Malawi (75th, +71) registered the biggest leap in the index, almost returning to the position it held before the excesses at the end of the Mutharika administration. Cote d'Ivoire (96th, +63), which is emerging from the post-electoral
crisis between the supporters of Laurent Gbagbo and Alassane Ouattara, has also soared, attaining its best position since 2003. Burma (151st, +18) continued the ascent begun in last year's index. Previously, it had been in the bottom 15 every year
since 2002 but now, thanks to the Burmese spring's unprecedented reforms, it has reached its best-ever position. Afghanistan (128th, +22) also registered a significant rise thanks to the fact that no journalists are in prison. It is nonetheless
facing many challenges, especially with the withdrawal of foreign troops.
Mali (99th, -74) registered the biggest fall in the index as a result of all the turmoil in 2012. The military coup in Bamako on 22 March and the north's takeover by armed Islamists and Tuareg separatists exposed the media in the north to
censorship and violence. Tanzania (70th, -36) sank more than 30 places because, in the space of four months, a journalist was killed while covering a demonstration and another was murdered.
Buffeted by social and economic protests, the Sultanate of Oman (141st) sank 24 places, the biggest fall in the Middle East and North Africa in 2012. Some 50 netizens and bloggers were prosecuted on lese majeste or cyber-crime charges in 2012. No
fewer than 28 were convicted in December alone, in trials that trampled on defence rights.
Journalists in Israel (112th, -20) enjoy real freedom of expression despite the existence of military censorship but the country fell in the index because of the Israeli military's targeting of journalists in the Palestinian Territories. Regional models
Democracies that stall or go into reverse
The situation is unchanged for much of the European Union. Sixteen of its members are still in the top 30. But the European model is unravelling. The bad legislation seen in 2011 continued, especially in Italy (57th, +4), where defamation has yet
to be decriminalized and state agencies make dangerous use of gag laws. Hungary (56th, -16) is still paying the price of its repressive legislative reforms, which had a major impact on the way journalists work. But Greece's dramatic fall
(84th, -14) is even more disturbing. The social and professional environment for its journalists, who are exposed to public condemnation and violence from both extremist groups and the police, is disastrous.
Japan (53rd, -31) plummeted because of censorship of nuclear industry coverage and its failure to reform the kisha club system. This is an alarming fall for a country that usually has a good ranking. Argentina (54th, -7) fell amid
growing tension between the government and certain privately-owned media about a new law regulating the broadcast media.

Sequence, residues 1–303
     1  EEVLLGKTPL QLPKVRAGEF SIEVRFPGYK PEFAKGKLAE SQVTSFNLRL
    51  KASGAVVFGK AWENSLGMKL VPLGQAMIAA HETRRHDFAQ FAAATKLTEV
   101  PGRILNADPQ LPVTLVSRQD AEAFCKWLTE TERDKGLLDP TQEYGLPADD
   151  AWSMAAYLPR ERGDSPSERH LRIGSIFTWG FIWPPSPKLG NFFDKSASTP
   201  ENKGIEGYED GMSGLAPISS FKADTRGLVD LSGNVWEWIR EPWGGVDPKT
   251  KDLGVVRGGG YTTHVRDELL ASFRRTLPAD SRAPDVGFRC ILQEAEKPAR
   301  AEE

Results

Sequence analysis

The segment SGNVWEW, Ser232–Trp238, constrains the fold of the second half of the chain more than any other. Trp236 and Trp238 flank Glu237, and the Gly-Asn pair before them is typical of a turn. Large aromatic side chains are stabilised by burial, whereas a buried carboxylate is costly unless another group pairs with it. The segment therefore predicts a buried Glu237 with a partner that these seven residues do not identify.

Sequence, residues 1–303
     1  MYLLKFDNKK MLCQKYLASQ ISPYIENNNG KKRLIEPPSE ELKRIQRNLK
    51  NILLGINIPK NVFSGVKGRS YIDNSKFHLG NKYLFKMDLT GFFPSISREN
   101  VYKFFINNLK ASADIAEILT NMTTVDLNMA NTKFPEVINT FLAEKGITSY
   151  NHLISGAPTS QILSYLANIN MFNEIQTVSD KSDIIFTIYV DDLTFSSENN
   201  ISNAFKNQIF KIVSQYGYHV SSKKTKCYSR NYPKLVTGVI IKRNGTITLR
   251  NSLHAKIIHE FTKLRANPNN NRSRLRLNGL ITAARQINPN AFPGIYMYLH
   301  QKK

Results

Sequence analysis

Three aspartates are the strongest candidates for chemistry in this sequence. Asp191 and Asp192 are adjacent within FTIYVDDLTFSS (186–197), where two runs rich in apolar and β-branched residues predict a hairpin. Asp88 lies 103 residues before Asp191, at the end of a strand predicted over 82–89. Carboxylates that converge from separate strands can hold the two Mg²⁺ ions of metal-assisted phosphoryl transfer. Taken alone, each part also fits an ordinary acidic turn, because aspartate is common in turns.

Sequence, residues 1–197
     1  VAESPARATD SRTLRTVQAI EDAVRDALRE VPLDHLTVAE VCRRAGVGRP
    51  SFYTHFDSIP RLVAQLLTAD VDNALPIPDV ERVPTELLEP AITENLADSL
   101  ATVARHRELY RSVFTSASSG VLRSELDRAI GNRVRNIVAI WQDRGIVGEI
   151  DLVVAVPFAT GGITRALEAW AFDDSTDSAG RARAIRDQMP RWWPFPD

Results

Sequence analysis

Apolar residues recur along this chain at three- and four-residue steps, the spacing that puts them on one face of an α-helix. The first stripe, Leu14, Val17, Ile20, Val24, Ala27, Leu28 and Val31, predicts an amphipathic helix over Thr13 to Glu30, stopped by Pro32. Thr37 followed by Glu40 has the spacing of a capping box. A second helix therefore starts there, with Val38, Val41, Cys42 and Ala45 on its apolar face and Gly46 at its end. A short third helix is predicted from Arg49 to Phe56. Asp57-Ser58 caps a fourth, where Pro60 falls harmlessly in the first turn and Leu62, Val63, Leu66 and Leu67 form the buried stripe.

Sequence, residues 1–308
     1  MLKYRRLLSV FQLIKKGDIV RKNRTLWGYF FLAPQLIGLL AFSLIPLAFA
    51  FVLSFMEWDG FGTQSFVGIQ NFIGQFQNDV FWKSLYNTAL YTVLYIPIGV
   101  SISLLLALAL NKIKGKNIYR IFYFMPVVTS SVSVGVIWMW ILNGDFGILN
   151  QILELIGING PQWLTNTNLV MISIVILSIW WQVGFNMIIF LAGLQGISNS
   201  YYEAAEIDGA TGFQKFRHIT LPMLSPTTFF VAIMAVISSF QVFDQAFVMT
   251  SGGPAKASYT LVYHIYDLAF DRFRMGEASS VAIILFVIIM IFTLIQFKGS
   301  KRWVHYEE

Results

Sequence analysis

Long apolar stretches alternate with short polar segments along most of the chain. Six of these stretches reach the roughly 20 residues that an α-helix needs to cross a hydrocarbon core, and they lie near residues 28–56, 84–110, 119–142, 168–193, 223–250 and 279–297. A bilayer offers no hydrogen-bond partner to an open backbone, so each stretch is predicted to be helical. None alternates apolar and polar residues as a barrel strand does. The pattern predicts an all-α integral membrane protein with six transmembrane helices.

The Citizen Lab Internet research group, based at the Munk School of Global Affairs at the University of Toronto, used computer servers
to scan for the distinctive signature of gear made by Blue Coat Systems of Sunnyvale, Calif.
It determined that Egypt, Kuwait, Qatar, Saudi Arabia and the United Arab Emirates employed a Blue Coat system that could be used for digital censorship.
The group also determined that Bahrain, China, India, Indonesia, Iraq, Kenya, Kuwait, Lebanon, Malaysia, Nigeria, Qatar, Russia, Saudi Arabia, South Korea, Singapore, Thailand, Turkey and Venezuela used equipment that could be used for surveillance and
The authors said they wanted to alert the public that there was a growing amount of surveillance and content-filtering technology distributed throughout the Internet. The technology is not restricted from export by the State Department, except to
countries that are on embargo lists, like Syria, Iran and North Korea. The group noted:
Our findings support the need for national and international scrutiny of the country Blue Coat implementations we have identified, and a closer look at the global proliferation of dual-use information and communications technology. We hope Blue Coat will
take this as an opportunity to explain their due diligence process to ensure that their devices are not used in ways that violate human rights.
Many businesses complain when they get bad reviews on Yelp. On Wednesday there was a court ruling on whether they can censor
The Virginia Supreme Court ruled that merchants have no right to automatically censor a bad review on Yelp. They must first prove the statements are false.
In the Virginia case, a business claimed that a customer falsely accused him of theft via a review. A lower court judge ordered the customer to take the statements off Yelp, but now the high court said that violates free speech. The business must first
prove the reviewer's statements are libelous